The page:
The wild beasts of the desert shall also meet with the wild beasts of the island, and the satyr shall cry to his fellow; Lilith also shall rest there, and find for herself a place of rest (Isaiah 34:14).
Another possibility is that the human need to believe in the unseen world itself points to, while not proving, the reality of hidden dimensions. It could be that materialism — the philosophical assumption that reality is nothing but physical stuff — is a prejudice rather than a fact. Perhaps an unseen reality does exist, revealed in flashes that can be confusing or misleading, to which we sometimes give flaky designations. Like “Bigfoot.”
Religions used to confidently navigate this twilight realm. Some faiths still do, quietly. When Louisiana’s Catholic governor, Bobby Jindal, was being considered as a running mate for John McCain, the fact that Jindal once participated in an exorcism became a briefly sensational media story. As for the rabbi who presided over our twins’ bris, the evangelistic branch of Judaism to which he belongs, Chabad, stands out as bucking the trend elsewhere in Judaism toward a pallid rationalism.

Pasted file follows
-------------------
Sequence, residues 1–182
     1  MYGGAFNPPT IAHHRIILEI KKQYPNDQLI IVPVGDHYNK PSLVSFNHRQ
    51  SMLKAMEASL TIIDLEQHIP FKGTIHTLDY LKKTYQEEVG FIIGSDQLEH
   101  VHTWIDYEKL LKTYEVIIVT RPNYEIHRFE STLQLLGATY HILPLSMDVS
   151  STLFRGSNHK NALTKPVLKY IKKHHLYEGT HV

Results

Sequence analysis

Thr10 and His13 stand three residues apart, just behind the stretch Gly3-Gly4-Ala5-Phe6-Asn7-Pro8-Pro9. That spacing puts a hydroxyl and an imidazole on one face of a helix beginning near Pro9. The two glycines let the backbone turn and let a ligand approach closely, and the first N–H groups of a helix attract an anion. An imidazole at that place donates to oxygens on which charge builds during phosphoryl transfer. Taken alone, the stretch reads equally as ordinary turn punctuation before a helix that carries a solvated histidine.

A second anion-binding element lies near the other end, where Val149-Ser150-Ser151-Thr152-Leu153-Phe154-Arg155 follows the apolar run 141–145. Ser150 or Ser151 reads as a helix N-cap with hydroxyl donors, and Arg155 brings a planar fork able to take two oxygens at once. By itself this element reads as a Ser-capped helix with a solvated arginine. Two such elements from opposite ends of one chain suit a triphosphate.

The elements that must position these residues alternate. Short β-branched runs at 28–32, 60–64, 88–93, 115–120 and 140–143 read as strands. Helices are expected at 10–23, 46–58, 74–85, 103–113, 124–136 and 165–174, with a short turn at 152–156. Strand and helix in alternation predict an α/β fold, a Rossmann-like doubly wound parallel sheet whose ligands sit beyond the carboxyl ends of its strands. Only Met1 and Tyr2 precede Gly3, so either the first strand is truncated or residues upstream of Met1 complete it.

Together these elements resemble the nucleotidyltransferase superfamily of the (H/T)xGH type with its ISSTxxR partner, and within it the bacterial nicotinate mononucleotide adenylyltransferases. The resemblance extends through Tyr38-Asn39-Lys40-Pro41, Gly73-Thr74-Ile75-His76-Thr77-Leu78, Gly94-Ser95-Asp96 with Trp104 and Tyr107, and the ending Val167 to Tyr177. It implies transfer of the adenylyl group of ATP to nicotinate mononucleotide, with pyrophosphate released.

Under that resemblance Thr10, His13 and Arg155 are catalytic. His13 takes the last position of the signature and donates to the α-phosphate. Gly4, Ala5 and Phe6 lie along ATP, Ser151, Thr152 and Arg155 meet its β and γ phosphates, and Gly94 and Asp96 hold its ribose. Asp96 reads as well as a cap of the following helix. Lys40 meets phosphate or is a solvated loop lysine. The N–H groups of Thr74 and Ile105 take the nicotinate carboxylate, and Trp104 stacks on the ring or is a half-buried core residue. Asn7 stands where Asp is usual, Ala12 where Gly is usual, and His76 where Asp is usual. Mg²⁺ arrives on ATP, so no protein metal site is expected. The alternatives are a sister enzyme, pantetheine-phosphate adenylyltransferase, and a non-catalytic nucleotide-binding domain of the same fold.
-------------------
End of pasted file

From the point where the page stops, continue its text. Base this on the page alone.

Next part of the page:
The same trend is mirrored in other faiths, especially the shrinking mainline Protestant denominations. It may be that such pallidness helps explain why Americans turn to florid paranormal beliefs, as opposed to traditional supernatural ideas. Indeed, U.S. polling data from Gallup, reported by Baylor University researchers, shows that belief in the occult is more common among non- or infrequent churchgoers or those belonging to a liberal Protestant denomination than it is among frequent churchgoers and conservative evangelicals.
Religious leaders representing respectable faiths, intimidated by secular prejudice, may wish to take note as they scan the empty pews. The human hunger for a vigorous, unapologetic interface with the unknown can’t be entirely repressed. As Sigmund Freud knew, the repressed has a way of returning.